On 6 Jan 2016 we held what may have been the first national #PublicHealthHour in the world. See previous blog to read the background. Tweets posted during the #PublicHealthHour (12.30-13.30) are collected in a Storify.
This blog post provides a summary of the hour, plus details of how to join the next #PublicHealthHour, 3 Feb 2016, 11AM-noon (*** note change in time ***), which will be run as a Webex webinar with tweeting, with @CyclingSurgeon Prof Chris Oliver.
In total 31 individuals and organisations actively tweeted during the hour, from across Scotland (and beyond). A further 21 people and organisations retweeted messages during the hour.
Fourteen of the participants (45%) responded to the initial poll about ways of accessing Twitter during the hour. Of these respondents, 43% were accessing from a work computer, which was higher than I expected. Nonetheless, many of us struggle to access social media from work. This needs to change, both for networking and for reaching out to a wider audience.
Here’s a flavour of answers to the questions during the hour. I have focused on tweets that used the #ScotPublicHealth hashtag, but have flagged up when there were other tweets in responses to individual questions.
Question 1A Where do you work?
I used cartoons sourced from the internet for each of the questions, in the hope that this might increase the visibility of the posts and encourage engagement (retweets, likes and replies). There were no retweets of this initial question, but there was some discussion (NHS Health Scotland shared a link for their 2015 briefing on #healthinequality with a trainee health visitor; comment about spelling of ambiance/ ambience – both listed in OED). Click cartoon to see more.
Answers to this this question were identified using the #whereiwork hashtag. The images posted using this hashtag are shown below. Click on the image to see the original tweet.
Answers to this question were from Glasgow, Lothian, Ayrshire and Arran, University of St Andrews, Dundee, Shetland and national organisations.
One of the reasons for asking this question was to highlight the importance of including a picture in a tweet, and hopefully to achieve engagement around the most popular images. Trevor Lakey (photo of santa on horse) and Susan Laidlaw (pictures of Shetland in summer) used particularly striking images. Trevor and Susan’s photos received a comment each, but there was little retweeting (quite different to the pattern observed through tweeting at conferences).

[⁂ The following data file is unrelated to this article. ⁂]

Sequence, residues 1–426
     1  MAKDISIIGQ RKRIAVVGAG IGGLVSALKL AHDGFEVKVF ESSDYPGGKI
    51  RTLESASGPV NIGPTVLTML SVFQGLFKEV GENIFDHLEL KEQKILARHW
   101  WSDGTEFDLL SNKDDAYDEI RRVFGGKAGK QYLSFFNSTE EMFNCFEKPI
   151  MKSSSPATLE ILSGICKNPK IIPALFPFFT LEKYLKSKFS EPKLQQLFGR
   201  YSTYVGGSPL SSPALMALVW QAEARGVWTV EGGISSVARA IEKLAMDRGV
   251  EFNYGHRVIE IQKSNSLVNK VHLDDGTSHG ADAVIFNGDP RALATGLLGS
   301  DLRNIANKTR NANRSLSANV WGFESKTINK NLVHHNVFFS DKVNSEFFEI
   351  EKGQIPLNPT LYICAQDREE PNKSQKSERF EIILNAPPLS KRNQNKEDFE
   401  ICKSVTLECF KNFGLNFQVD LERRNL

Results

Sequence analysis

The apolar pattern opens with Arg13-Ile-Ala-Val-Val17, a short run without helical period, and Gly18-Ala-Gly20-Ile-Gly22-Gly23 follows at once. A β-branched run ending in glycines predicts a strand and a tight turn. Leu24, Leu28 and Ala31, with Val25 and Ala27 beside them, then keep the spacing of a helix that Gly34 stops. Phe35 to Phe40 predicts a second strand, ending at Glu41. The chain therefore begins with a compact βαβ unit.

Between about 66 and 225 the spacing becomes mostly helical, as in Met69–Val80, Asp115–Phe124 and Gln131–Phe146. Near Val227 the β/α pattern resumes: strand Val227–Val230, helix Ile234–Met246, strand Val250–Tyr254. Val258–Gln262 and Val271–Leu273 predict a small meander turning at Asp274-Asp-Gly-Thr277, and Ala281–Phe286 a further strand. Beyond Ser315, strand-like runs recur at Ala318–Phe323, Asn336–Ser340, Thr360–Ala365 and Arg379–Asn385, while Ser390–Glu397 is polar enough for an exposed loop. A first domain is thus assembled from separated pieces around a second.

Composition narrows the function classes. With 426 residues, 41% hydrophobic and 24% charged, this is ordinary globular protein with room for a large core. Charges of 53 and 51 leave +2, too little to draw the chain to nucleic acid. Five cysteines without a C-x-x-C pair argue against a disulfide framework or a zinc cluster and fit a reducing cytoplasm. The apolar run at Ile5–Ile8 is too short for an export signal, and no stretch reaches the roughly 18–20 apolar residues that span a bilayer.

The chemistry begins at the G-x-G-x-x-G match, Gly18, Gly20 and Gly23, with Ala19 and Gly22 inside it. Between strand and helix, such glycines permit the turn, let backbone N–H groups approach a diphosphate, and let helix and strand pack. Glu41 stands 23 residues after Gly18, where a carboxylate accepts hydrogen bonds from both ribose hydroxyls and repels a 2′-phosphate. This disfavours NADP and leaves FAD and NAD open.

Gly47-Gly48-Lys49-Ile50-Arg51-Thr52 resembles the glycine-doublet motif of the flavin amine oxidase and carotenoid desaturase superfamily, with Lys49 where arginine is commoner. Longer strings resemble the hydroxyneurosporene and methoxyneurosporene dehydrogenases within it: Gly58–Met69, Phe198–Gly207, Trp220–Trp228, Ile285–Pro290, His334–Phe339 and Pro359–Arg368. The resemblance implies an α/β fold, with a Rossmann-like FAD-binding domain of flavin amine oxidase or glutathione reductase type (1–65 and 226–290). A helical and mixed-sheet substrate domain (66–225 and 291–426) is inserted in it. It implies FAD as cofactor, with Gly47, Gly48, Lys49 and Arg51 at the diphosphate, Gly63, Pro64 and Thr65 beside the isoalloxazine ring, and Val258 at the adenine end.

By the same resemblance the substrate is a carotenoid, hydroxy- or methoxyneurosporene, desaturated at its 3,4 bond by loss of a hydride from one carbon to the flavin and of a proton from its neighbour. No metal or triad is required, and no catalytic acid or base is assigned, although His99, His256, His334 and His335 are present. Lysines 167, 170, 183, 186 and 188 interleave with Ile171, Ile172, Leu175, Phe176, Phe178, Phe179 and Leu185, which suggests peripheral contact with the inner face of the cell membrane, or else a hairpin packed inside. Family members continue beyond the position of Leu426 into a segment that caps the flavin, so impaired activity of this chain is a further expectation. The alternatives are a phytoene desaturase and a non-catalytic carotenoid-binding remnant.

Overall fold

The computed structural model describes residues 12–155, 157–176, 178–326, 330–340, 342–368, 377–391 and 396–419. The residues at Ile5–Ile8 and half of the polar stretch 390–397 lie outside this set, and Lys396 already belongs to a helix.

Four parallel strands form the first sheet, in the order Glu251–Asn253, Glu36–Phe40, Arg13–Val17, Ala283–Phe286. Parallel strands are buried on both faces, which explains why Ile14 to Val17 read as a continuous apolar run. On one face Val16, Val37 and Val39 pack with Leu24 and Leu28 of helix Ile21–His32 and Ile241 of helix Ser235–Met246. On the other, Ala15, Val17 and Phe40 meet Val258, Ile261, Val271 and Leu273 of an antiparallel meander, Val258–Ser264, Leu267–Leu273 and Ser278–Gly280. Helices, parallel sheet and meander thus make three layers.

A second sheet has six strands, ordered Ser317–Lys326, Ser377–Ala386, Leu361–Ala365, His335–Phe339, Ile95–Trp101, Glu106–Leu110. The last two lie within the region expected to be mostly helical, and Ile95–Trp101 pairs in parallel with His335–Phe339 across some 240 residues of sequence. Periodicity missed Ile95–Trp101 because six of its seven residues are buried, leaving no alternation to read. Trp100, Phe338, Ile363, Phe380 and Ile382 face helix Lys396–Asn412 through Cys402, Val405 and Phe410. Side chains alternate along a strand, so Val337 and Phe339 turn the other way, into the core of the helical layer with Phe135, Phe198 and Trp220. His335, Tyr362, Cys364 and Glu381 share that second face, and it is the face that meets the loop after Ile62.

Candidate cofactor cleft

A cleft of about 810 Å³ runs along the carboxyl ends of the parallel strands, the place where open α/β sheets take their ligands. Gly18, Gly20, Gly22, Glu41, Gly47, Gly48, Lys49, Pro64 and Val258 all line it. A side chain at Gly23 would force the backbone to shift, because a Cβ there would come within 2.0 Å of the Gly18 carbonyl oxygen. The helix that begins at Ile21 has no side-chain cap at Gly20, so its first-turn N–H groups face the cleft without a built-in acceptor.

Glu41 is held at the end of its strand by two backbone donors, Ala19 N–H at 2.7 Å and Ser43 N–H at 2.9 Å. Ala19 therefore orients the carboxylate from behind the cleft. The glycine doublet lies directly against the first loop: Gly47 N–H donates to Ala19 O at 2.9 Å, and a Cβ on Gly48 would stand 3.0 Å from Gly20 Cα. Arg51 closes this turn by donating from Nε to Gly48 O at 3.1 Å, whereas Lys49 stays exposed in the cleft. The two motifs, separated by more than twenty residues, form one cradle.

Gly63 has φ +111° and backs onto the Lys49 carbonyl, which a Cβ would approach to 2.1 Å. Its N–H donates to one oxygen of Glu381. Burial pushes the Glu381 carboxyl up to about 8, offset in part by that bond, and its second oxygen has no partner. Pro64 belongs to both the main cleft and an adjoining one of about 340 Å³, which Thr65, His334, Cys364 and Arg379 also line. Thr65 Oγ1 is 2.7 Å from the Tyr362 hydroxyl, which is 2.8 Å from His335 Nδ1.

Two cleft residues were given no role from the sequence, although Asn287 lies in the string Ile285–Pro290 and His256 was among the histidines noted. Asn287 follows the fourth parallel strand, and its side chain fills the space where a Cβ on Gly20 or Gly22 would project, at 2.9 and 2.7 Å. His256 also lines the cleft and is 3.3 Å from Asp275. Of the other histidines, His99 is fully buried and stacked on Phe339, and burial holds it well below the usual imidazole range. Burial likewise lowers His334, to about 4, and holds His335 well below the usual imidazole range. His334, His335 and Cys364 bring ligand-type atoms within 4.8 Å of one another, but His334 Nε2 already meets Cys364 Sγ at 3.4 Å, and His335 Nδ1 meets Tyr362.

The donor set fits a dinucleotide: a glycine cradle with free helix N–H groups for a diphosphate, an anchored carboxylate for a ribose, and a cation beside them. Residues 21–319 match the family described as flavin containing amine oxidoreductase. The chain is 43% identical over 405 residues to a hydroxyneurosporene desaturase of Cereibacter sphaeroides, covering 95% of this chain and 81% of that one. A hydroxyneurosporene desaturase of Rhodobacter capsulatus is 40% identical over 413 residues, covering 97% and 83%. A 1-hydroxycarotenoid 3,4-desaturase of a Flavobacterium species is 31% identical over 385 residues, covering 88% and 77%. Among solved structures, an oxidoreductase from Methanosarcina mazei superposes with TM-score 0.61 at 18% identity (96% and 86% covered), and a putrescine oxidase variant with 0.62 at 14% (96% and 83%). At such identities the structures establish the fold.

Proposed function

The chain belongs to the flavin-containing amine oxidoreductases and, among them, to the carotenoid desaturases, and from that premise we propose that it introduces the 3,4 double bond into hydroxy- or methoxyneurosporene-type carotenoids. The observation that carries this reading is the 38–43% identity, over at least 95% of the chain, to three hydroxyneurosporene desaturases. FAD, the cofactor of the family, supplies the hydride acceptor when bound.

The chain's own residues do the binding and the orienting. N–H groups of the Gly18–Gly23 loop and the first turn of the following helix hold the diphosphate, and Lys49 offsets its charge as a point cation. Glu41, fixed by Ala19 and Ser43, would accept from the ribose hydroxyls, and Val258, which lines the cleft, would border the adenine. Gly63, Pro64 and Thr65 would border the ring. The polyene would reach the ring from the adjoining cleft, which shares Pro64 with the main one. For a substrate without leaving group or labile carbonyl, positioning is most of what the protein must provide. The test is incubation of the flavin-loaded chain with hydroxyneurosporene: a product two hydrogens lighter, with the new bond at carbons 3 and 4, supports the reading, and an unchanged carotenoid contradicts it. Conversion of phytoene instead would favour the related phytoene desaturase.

Others joined in during the hour and didn’t answer this question. An analysis of the wider tweets and retweets during the hour shows that 44/52 of those tweeting/ retweeting during hour were in Scotland (85%) and 28/52 work in Public Health (54%). A higher proportion of those actively tweeting during the hour were from Public Health (77%).
Question 1B What are your main work topics?
There were 11 responses from 10 people during the hour. Answers were flagged up using the #whatido hashtag. There were a wide range of responses within this select group. Some respondents are in training, others long qualified. There was a spread of academic and service public health (NHS, local authority and national organisations) and voluntary sector. Remits range from cancer research, health geography, women and children’s services, screening, community development, health inequalities, mental health and wellbeing, health protection, and multiple morbidity. Several participants have remits that stretch across many of the 9 areas of Public Health laid out by the Faculty of Public Health.
There was one photo posted in these responses – Catherine Bromley sharing original research, hot off the press (click image to see tweet).
Question 1C What are your priorities for 2016?
This question (using #todo2016) had the largest number of responses (16 people/ organisations tweeting during the hour or immediately afterwards), and the highest engagement (measured by retweets, likes and replies).
Again some common themes ran through many of the tweets – particularly reducing health inequalities; promoting prevention, community engagement and youth work; mental health and wellbeing. Other related themes included substance use, blood borne viruses, putting patients first, healthy eating and prevention of obesity, shifting the balance of care to primary care and service improvement (Model for Improvement), training and registration. Organisation level priorities were provided by RCGP Scotland and NHS Health Scotland (reducing health inequalities and a new year message from CEO Gerry McLaughlin).